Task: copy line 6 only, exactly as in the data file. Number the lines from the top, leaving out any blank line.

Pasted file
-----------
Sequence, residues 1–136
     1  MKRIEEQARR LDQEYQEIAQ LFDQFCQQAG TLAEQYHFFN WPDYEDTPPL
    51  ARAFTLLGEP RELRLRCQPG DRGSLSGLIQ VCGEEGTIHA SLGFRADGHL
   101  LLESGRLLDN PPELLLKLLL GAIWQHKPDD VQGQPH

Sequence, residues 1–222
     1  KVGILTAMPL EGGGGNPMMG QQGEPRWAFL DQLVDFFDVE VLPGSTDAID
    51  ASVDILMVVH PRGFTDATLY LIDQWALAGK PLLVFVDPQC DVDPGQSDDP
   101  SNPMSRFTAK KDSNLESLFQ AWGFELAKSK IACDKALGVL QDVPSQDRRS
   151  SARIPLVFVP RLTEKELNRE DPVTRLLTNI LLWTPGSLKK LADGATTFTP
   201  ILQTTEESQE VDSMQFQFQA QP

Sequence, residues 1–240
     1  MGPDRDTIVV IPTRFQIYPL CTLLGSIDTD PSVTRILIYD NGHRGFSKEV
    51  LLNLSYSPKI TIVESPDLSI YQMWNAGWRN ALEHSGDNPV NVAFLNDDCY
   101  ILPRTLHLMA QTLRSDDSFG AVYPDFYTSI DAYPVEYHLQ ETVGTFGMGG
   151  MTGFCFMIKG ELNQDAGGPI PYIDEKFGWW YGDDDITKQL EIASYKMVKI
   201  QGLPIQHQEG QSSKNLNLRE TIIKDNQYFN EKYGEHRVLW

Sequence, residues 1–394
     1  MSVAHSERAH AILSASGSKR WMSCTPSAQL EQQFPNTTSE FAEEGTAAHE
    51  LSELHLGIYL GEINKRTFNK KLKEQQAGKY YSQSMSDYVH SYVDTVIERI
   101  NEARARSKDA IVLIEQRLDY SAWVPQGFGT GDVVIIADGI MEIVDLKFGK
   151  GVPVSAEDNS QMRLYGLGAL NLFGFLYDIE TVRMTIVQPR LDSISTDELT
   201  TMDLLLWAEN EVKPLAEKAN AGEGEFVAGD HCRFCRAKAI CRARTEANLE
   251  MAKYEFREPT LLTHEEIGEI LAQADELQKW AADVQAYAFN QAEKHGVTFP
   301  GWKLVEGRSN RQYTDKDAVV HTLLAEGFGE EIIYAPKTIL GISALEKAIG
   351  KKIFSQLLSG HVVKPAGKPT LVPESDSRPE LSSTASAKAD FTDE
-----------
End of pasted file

     1  KVGILTAMPL EGGGGNPMMG QQGEPRWAFL DQLVDFFDVE VLPGSTDAID